# Why is $\lfloor n/3 \rfloor + \lceil 2n/3\rceil = n?$

Why is $\lfloor n/3 \rfloor + \lceil 2n/3\rceil = n?$

It feels like I'm just doing basic fraction addition since

$$\frac{n}{3}+\frac{2n}{3}=n$$

So then how does ceil and floor play a role in addition?

• $n/3$ and $2n/3$ are not always integral. So, for example, $n/3$ does not always equal $\lfloor n/3 \rfloor$. A natural way of approaching such a problem is to realize that any integer $n$ can be written as either $3k$, $3k+1$ or $3k+2$, with $k \in \mathbb{Z}$. Now we can check these $3$ cases separately. – Woett Jul 28 '17 at 17:27
• If you check the plot wolframalpha.com/input/?i=floor(x%2F3)%2Bceil(2x%2F3),+x you'll notice that the equality only holds for integer $n$. The pure fractional equation holds for all numbers. – Thomas Ahle Jul 28 '17 at 18:08

Let $n=3k + r$, where $r\in \{0,1,2\}$. Then $\lfloor\frac{n}{3}\rfloor = k$. Also, $\lceil\frac{2n}{3}\rceil=\lceil\frac{6k + 2r}{3}\rceil=2k+\lceil \frac{2r}{3}\rceil$. Therefore, $$\left\lfloor\frac{n}{3}\right\rfloor + \left\lceil\frac{2n}{3}\right\rceil = 3k + \left\lceil\frac{2r}{3}\right\rceil.$$ The claim immediately follows by noting that $\lceil\frac{2r}{3}\rceil = r$ for $r \in \{0,1,2\}$.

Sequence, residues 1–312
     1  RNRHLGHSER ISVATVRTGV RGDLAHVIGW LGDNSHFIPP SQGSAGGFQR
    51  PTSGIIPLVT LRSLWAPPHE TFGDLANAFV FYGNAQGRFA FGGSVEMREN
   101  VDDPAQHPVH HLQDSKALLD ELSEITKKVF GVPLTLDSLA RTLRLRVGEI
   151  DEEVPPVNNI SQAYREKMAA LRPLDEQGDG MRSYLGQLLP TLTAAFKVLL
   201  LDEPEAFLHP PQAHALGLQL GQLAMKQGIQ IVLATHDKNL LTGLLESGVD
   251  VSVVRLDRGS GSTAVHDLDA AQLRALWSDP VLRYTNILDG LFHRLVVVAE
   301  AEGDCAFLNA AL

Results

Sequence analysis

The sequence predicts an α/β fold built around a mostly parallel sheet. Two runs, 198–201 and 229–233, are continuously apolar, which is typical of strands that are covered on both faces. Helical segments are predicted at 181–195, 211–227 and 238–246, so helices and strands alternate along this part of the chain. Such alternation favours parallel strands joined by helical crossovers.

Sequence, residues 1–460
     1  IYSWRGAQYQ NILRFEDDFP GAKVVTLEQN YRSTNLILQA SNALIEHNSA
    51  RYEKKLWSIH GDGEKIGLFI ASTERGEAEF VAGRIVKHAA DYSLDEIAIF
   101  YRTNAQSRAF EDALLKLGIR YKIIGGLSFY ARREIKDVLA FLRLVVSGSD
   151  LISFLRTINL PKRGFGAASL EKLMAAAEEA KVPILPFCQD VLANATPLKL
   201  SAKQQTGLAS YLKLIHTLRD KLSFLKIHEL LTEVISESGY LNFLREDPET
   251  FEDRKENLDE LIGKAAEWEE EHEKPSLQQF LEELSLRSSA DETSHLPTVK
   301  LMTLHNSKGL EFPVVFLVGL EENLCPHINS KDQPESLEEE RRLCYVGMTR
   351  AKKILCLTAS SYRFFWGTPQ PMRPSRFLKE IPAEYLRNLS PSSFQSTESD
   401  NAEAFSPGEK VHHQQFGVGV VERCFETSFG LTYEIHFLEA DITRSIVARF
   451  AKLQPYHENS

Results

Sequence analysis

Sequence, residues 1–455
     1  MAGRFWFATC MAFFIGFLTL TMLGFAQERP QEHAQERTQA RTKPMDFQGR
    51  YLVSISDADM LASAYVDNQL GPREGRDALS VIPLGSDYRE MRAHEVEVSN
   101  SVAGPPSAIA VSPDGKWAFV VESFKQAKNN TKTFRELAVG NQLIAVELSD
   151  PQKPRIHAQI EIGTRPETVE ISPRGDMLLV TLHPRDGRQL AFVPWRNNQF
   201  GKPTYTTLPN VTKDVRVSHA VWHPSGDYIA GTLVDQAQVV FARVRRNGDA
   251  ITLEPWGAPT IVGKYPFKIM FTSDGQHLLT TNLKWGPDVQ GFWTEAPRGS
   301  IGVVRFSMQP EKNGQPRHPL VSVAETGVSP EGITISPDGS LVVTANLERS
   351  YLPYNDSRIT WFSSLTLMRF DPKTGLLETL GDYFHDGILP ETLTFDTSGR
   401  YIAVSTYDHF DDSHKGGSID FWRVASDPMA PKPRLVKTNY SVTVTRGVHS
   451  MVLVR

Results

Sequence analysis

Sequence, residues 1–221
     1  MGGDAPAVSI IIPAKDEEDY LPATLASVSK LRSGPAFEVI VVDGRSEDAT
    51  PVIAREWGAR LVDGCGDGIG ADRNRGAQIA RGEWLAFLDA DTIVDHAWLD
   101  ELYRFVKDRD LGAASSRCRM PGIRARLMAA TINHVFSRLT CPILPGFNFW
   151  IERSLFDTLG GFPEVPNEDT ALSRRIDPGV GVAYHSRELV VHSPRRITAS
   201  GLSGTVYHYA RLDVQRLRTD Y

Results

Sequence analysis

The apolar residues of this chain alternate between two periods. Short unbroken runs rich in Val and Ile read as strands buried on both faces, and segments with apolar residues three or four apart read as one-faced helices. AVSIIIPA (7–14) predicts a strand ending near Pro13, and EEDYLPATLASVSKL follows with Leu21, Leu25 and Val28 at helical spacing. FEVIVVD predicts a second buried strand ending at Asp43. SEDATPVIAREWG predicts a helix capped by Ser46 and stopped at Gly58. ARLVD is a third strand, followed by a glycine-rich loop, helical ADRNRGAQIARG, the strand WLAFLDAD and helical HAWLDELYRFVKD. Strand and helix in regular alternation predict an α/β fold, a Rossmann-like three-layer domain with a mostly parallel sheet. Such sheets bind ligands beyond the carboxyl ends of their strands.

Note that both $\frac n3-\left\lfloor\frac n3\right\rfloor$ and $\left\lceil\frac{2n}3\right\rceil-\frac{2n}3$ have a period of $3$. Subtracting we get that $$\left\lceil\frac{2n}3\right\rceil+\left\lfloor\frac n3\right\rfloor-n\tag{1}$$ has a period of $3$. Thus, we only need to check $n=0,1,2$ to verify $$\left\lceil\frac{2n}3\right\rceil+\left\lfloor\frac n3\right\rfloor=n\tag{2}$$ for all $n$.

Note that the following identities hold for all integer $n$, real $x$:

• $\lceil n+x \rceil = n + \lceil x \rceil$ (and $\lfloor n+x \rfloor = n + \lfloor x \rfloor$, but we don't need that)
• $\lceil -x \rceil = -\lfloor x \rfloor$

Thus, if $n$ is an integer, we have: $$\lceil 2n/3 \rceil=\lceil n+(-n/3)\rceil=n+\lceil -n/3\rceil=n-\lfloor n/3\rfloor$$

Hint: do the actual computation (with floor and ceiling) for various sample values of $n$ - say $1$ through $6$.

You'd better assume $n$ is an integer. Can you see why?

• One can even spare one sample, $n=6$ is not needed. – egreg Jul 28 '17 at 17:27

For ease of typing let $f(z)=floor(z)$ and $c(z)=ceil(z).$

We have $n=3m+x$ where $m\in \mathbb Z$ and $x\in \{0,1,2\}.$

(i). If $x=0$ then $f(n/3)+c(2n/3)=f(m)+c(2m)=m+2m=3m=3m+x=n.$

(ii). If $x=1$ then $f(n/3)+f(2n/3)=f(m+1/3)+f(2m+1/3)=m+(2m+1)=3m+1=3m+x=n.$

(iii). If $x=2$ then $$f(n/3)+c(2x/3)=f(m+2/3)+c(2m+4/3=f(m+2/3)+c((2m+1)+1/3)=$$ $$=m+(2m+2)=3m+2=3m+x=n.$$